"Have this mind among yourselves, which is yours in Christ Jesus, who, though he was in the form of God, did not count equality with God a thing to be grasped, but emptied himself, by taking the form of a servant, being born in the likeness of men. And being found in human form, he humbled himself by becoming obedient to the point of death, even death on a cross. Therefore God has highly exalted him and bestowed on him the name that is above every name, so that at the name of Jesus every knee should bow, in heaven and on earth and under the earth, and every tongue confess that Jesus Christ is Lord, to the glory of God the Father." Paul to the persecuted at Philippi (2:5-11)

23 February 2012

Thoughts on Lent

Many people see it as a fearful thing, to go to church on Ash Wednesday and hear proclaimed “Remember O man that thou art dust, and to dust you shall return.”  We don’t want to deal with our own mortality.  An interesting fear, since everyone who is older than preschool knows that everyone dies eventually.  Somehow we want to convince ourselves that we are the exception to the rules of Genesis 3.

For me, it is a more fearful thing to pronounce those words over others, especially when these others are colleagues, friends, neighbors.  It is like a small and repeated dose of what physicians must experience when they tell a patient their disease is terminal.  I’m sorry, you are going to die.  There is nothing I can do for you.

Its a conflicting message, when the doctor you’ve trusted and who has genuinely struggled and worked to save your life, has failed.  Its a conflicting message in the Church, too, but with different outcome.

How great a blessing, every Sunday, it is to look into the eyes of a loved one, a neighbor, even a stranger and say the words “the body/blood of Christ which was given for you preserve you body and soul into everlasting life.”  Say it just once to someone, and you can’t help but look at them as Jesus does.  You can’t help but love them.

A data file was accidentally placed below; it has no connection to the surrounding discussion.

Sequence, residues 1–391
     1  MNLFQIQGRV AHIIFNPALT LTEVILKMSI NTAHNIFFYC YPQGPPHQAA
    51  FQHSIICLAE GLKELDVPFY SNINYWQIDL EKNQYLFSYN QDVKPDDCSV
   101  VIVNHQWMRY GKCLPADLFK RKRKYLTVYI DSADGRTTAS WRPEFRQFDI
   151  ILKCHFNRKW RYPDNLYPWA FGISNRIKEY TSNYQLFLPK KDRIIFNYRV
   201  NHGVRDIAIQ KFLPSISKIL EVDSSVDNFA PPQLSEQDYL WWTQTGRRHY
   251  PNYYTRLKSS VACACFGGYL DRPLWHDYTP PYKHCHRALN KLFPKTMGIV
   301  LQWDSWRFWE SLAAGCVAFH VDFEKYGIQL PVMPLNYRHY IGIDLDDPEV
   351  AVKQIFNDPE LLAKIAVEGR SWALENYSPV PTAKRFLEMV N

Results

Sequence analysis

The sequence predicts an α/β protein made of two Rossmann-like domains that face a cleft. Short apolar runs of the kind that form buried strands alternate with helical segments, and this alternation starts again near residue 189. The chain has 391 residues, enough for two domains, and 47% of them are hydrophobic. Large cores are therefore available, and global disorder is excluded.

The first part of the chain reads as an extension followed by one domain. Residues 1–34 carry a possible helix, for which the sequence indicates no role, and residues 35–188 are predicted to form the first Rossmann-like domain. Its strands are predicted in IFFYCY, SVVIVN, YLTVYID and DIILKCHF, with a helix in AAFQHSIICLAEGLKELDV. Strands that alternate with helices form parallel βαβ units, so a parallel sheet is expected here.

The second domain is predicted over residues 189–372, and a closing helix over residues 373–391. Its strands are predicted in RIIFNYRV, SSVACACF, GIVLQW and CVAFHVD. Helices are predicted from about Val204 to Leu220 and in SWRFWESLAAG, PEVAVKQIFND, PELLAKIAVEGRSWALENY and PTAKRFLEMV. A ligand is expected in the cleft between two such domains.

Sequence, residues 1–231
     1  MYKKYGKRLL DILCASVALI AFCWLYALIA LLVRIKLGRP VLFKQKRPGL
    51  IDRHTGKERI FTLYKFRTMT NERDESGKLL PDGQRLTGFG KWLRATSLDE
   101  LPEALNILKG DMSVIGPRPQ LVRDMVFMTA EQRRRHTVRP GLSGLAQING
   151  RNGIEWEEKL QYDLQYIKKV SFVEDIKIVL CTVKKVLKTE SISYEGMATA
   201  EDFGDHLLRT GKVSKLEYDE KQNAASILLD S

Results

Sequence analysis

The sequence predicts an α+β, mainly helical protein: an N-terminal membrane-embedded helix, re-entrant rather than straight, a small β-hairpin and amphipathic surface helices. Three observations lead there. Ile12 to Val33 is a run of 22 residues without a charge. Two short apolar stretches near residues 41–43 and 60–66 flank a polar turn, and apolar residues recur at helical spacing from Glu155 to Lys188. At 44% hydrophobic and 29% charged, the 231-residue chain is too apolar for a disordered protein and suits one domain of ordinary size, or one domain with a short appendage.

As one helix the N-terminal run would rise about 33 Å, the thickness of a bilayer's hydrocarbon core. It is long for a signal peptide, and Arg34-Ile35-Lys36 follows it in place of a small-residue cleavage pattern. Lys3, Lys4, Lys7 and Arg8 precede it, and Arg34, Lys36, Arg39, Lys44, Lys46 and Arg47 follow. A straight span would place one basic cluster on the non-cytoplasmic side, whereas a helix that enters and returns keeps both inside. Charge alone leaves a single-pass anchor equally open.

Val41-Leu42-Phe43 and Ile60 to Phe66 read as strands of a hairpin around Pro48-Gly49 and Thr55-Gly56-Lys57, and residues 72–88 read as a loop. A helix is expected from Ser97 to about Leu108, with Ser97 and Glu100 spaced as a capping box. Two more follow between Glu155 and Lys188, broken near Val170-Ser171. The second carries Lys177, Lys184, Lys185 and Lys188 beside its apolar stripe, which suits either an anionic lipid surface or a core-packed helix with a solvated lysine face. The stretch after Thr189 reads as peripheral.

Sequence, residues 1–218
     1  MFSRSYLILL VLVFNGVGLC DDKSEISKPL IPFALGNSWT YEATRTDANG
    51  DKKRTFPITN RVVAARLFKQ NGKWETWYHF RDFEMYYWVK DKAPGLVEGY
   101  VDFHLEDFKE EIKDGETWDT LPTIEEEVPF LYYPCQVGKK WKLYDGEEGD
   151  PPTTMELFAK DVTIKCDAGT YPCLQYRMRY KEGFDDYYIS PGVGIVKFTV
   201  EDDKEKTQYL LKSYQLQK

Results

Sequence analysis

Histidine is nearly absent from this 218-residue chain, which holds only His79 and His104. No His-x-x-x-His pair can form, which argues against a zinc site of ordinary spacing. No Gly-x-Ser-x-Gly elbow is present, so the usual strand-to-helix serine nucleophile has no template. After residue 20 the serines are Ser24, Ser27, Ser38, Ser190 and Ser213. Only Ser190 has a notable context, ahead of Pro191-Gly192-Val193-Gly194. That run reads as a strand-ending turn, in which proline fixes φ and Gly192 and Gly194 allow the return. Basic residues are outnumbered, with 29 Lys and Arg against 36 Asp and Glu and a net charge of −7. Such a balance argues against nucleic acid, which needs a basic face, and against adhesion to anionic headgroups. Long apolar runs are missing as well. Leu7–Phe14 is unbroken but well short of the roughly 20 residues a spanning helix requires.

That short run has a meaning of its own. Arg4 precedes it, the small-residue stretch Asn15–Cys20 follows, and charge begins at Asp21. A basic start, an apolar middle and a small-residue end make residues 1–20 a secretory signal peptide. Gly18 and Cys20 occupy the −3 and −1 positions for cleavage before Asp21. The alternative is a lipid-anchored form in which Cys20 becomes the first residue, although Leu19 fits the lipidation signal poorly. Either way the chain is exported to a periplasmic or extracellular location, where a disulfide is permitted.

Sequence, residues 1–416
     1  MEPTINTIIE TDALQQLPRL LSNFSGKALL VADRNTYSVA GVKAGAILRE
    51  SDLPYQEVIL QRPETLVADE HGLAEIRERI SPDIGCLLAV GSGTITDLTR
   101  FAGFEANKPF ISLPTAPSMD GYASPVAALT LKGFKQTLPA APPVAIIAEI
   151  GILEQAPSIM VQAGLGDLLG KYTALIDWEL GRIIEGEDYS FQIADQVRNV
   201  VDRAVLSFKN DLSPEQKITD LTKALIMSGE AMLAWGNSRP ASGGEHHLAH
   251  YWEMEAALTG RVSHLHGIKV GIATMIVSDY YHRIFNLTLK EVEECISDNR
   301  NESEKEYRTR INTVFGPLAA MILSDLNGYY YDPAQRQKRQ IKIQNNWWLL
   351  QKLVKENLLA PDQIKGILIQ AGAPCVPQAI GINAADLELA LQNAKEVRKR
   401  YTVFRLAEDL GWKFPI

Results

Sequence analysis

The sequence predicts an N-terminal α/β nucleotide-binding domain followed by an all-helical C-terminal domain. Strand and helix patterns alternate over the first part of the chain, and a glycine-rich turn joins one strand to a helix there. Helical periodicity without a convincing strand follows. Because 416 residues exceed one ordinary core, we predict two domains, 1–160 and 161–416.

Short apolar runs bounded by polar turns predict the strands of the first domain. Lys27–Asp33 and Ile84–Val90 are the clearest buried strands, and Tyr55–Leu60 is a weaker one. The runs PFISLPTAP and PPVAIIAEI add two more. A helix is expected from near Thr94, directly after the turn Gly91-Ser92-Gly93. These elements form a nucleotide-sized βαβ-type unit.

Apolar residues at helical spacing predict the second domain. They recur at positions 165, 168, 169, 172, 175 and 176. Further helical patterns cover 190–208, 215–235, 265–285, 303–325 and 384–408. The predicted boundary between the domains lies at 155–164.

And then, once a year, you look them in they eye and say “remember you are dust.” Remember you are going back to dust.

If dust were the end of the story, the other 364 days of the year, clergy would be liars.  But what is remarkable is that even at Ash Wednesday, we don’t leave them at dust.  Only a few minutes later, we look again on those ashen faces and lift the faithful up to God with those words, “the body and blood preserve you body and soul into everlasting life.”

Remember you are dust.  You are formed by God’s hands.  But you’re returning to the dust.

And God doesn’t leave you there.  You are formed again, this time for life everlasting. 

Its not a circle of life thing, not a reincarnation without end, but a singular recreation, this time without the corruption, without the ashes.  There is no Ash Wednesday in the kingdom. 

1 comment:

  1. Maybe it's not a circle, but two circles, connected, like a figure eight, or like a symbol for infinity. Bet your mind can do some riffs on that.